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    • "A large study consisting of 16 research centers worldwide (including 4,711 patients and 4,537 controls) reported that the Met66 allele of Brain Derived Neurotrophic Factor (BDNF) gene, which reduces the transport of BDNF, is associated with an increased risk of AD in women (odds ratio =1.14, 95% confidence interval 1.05–1.24, P=0.002), but not in men.97 This finding is biologically plausible since estrogen plays an important role in the expression of BDNF.98 Postmenopausal women with the MET66 allele would therefore have both reduced transport and expression of BDNF, thus causing an increased risk of AD. "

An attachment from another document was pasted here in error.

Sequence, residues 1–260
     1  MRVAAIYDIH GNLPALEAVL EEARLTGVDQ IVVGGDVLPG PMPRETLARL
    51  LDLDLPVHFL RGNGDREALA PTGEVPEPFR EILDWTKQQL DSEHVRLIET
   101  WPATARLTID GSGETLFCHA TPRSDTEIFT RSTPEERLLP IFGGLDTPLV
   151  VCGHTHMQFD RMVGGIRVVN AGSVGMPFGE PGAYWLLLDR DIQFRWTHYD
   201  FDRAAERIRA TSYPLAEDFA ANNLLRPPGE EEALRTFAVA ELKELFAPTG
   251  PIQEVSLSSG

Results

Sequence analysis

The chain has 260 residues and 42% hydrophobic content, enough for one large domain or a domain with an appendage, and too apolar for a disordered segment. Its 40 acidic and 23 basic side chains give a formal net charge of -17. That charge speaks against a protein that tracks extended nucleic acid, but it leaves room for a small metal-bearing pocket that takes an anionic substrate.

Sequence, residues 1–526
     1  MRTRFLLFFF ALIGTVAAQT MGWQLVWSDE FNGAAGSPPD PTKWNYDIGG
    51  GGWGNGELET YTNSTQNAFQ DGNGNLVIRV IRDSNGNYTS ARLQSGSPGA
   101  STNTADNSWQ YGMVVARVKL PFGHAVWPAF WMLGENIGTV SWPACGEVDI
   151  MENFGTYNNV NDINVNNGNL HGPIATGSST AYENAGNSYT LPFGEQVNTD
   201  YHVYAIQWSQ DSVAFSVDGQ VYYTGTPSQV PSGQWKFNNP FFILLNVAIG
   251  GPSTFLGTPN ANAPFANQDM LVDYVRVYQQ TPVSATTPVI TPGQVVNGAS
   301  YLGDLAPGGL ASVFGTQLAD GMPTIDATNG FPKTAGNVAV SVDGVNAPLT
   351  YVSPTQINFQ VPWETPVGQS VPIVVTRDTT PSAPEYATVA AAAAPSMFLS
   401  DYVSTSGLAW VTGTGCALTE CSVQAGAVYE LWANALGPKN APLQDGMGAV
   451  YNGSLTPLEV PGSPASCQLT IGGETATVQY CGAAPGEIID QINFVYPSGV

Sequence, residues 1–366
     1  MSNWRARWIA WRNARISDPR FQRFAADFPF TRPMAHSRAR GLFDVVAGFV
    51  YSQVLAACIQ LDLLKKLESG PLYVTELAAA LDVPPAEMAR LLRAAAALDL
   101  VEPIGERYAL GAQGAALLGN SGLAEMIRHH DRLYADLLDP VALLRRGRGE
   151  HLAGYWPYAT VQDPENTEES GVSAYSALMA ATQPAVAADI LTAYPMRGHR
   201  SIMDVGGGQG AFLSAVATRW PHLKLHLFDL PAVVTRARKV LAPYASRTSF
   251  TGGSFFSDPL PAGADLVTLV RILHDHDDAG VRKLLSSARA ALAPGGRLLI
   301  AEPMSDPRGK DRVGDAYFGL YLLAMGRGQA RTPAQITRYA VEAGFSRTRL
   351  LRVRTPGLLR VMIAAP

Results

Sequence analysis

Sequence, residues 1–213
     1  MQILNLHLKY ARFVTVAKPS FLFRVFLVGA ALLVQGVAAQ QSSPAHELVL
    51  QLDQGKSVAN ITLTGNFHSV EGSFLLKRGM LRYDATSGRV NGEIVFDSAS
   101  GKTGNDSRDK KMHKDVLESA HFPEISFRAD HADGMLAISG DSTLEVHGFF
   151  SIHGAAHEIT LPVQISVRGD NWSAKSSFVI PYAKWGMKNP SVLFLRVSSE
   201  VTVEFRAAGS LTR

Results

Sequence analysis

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    ABSTRACT: With the aging of the population, the burden of Alzheimer's disease (AD) is rapidly expanding. More than 5 million people in the US alone are affected with AD and this number is expected to triple by 2050. While men may have a higher risk of mild cognitive impairment (MCI), an intermediate stage between normal aging and dementia, women are disproportionally affected with AD. One explanation is that men may die of competing causes of death earlier in life, so that only the most resilient men may survive to older ages. However, many other factors should also be considered to explain the sex differences. In this review, we discuss the differences observed in men versus women in the incidence and prevalence of MCI and AD, in the structure and function of the brain, and in the sex-specific and gender-specific risk and protective factors for AD. In medical research, sex refers to biological differences such as chromosomal differences (eg, XX versus XY chromosomes), gonadal differences, or hormonal differences. In contrast, gender refers to psychosocial and cultural differences between men and women (eg, access to education and occupation). Both factors play an important role in the development and progression of diseases, including AD. Understanding both sex- and gender-specific risk and protective factors for AD is critical for developing individualized interventions for the prevention and treatment of AD.